DQS

SAMIC – Meat markings

When one looks at age determination of animals, in this case beef and lamb / sheep, it is all about the age of the animals. (See South African Red Meat Classification Chart) you look at the age of the animals, you as the consumer will have an idea of how tender or least tender the meat will be. You can differentiate that by the color of the ink on the carcasses.

 

Purple ink roller marking means animals with no permanent incisors perceptible on the lower jaw of the animal, implicating per definition ‘most tender’.

 

Green ink roller marking means animals with 1 – 2 permanent incisors perceptible on the lower jaw of the animal, implicating per definition ‘ tender’

 

Brown ink roller marking means animals with 3 – 6 permanent insisors perceptible on the lower jaw of the animal, implicating per definition ‘ less tender’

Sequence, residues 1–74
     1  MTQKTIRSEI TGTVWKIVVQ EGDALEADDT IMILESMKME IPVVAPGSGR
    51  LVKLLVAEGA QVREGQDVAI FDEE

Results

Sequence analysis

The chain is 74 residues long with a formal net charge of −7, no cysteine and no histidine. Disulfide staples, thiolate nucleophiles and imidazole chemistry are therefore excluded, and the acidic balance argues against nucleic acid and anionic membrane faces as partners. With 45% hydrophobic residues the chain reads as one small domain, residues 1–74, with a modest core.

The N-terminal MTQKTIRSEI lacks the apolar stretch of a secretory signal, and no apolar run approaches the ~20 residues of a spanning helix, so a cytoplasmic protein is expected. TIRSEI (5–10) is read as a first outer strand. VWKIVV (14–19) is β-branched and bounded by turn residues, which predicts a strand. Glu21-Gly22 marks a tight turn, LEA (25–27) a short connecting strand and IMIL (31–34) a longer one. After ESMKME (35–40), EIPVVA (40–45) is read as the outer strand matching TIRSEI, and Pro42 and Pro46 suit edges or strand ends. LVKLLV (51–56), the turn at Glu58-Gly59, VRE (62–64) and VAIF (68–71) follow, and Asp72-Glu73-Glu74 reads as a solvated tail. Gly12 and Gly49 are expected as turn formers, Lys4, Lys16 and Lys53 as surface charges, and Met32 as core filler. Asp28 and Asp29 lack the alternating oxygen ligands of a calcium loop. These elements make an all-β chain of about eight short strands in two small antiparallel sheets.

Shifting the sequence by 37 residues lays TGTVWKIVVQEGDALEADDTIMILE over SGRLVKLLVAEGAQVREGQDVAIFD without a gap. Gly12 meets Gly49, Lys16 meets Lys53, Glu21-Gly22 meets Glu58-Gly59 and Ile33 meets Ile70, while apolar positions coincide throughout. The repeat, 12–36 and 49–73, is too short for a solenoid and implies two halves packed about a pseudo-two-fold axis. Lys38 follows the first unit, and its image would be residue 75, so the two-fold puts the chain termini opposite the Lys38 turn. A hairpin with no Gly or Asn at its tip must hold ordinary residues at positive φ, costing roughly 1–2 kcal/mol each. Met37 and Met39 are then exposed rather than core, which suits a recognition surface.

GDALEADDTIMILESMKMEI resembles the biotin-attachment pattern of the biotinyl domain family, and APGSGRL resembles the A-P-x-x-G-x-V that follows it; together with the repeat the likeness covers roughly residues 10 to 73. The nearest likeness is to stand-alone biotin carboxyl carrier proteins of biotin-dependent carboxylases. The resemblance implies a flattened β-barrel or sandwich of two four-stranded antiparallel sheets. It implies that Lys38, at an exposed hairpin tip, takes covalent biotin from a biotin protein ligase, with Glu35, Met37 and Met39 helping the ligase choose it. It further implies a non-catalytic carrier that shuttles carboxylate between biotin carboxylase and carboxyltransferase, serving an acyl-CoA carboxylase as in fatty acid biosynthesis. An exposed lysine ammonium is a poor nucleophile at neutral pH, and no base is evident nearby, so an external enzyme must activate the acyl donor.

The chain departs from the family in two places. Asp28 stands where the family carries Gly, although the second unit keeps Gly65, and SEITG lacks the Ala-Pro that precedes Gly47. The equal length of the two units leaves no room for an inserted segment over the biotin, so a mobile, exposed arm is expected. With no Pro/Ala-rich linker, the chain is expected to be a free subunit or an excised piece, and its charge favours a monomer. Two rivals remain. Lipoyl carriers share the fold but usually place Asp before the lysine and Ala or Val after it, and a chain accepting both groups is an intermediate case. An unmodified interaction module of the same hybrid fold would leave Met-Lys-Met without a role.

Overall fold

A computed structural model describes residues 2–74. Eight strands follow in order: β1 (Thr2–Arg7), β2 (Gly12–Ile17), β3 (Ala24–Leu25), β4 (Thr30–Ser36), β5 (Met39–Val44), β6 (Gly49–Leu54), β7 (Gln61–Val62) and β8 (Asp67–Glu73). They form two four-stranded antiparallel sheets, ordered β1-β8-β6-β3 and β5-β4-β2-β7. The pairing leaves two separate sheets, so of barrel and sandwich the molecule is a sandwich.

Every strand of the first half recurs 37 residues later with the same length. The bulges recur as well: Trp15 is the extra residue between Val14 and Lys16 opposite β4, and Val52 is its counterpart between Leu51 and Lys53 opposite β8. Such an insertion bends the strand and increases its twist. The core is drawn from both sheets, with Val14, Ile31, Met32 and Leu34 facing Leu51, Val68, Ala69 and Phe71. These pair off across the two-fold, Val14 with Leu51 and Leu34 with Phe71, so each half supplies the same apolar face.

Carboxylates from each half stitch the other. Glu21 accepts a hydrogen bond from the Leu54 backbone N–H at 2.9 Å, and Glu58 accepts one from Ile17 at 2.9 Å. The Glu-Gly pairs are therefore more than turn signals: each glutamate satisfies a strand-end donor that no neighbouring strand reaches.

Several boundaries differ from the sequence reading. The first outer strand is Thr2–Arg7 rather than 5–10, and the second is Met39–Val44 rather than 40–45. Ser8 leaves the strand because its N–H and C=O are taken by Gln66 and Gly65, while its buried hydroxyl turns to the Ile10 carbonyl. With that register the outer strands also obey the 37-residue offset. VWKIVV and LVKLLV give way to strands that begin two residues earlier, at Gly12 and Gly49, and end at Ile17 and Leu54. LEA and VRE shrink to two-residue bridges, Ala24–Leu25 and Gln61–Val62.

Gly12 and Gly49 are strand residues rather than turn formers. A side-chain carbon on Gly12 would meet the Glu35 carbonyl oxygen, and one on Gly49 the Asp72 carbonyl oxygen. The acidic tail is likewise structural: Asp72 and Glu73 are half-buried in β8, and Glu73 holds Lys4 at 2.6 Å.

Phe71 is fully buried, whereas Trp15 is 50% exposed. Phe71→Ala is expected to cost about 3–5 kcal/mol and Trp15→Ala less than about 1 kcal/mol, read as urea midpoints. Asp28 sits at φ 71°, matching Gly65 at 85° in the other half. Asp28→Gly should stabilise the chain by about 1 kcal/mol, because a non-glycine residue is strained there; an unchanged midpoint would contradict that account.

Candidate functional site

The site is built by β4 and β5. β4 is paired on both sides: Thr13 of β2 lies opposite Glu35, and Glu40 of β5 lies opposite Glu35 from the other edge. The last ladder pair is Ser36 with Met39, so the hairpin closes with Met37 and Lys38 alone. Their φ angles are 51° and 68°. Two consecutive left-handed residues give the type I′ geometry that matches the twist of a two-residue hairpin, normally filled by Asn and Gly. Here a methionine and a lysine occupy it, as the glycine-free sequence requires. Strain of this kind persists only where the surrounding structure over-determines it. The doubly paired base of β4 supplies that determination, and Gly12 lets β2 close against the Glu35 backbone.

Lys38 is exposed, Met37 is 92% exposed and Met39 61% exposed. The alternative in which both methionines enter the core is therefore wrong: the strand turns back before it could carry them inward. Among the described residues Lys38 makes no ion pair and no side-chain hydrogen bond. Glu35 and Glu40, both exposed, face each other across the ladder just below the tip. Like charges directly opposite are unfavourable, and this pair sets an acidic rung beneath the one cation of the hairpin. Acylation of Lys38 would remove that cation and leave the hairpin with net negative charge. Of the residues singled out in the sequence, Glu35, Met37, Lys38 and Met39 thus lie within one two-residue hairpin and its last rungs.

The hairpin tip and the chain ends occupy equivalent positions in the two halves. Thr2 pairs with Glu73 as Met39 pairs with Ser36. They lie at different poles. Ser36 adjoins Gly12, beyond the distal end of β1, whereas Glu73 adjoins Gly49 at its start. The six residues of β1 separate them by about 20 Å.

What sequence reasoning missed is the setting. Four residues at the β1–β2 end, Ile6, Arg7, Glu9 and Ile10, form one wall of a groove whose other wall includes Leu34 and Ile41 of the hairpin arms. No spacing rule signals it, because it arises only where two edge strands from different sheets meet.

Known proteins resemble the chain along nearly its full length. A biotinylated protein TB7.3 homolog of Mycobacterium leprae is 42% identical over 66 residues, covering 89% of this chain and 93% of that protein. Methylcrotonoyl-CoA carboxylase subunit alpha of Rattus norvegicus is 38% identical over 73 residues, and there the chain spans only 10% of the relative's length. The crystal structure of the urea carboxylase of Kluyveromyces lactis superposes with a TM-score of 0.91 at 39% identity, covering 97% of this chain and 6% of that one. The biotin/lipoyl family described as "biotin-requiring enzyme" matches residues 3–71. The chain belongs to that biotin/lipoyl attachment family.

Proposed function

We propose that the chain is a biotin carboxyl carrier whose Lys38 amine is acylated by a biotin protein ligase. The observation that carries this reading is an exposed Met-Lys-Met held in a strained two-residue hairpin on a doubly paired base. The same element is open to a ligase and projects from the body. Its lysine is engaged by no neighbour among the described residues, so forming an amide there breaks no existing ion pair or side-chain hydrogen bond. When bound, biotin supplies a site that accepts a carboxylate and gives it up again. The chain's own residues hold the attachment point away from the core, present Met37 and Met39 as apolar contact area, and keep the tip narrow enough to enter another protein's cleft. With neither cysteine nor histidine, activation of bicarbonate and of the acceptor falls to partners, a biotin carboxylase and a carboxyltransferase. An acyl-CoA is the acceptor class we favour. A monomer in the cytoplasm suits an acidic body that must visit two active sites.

Red ink roller marking means animals with more than 6 permanent incisors perceptible on the lower jaw of the animal, implicating per definition ‘ least tender’

 

It needs to be noted that with dry heat cooking methods, preferably use meat in the A and AB classes. These kinds of meats will be tender but with less taste. If you prefer moist heat cooking methods, then use meat in the B and C classes. Even if well-cooked these kinds of meat will be less tender, but will have much more taste.

 

However, it still remains the consumer’s choice what will be best for them to use with regards to dry heat and moist heat cooking methods.

 

The purpose of the Meat Classification System, regarding to the age category, is to ensure that there’s a clear difference between most and least tender, and less taste and most taste.

 

Source: SAMIC (South African Meat Industry Company)

 

 

 

 

 

 

 

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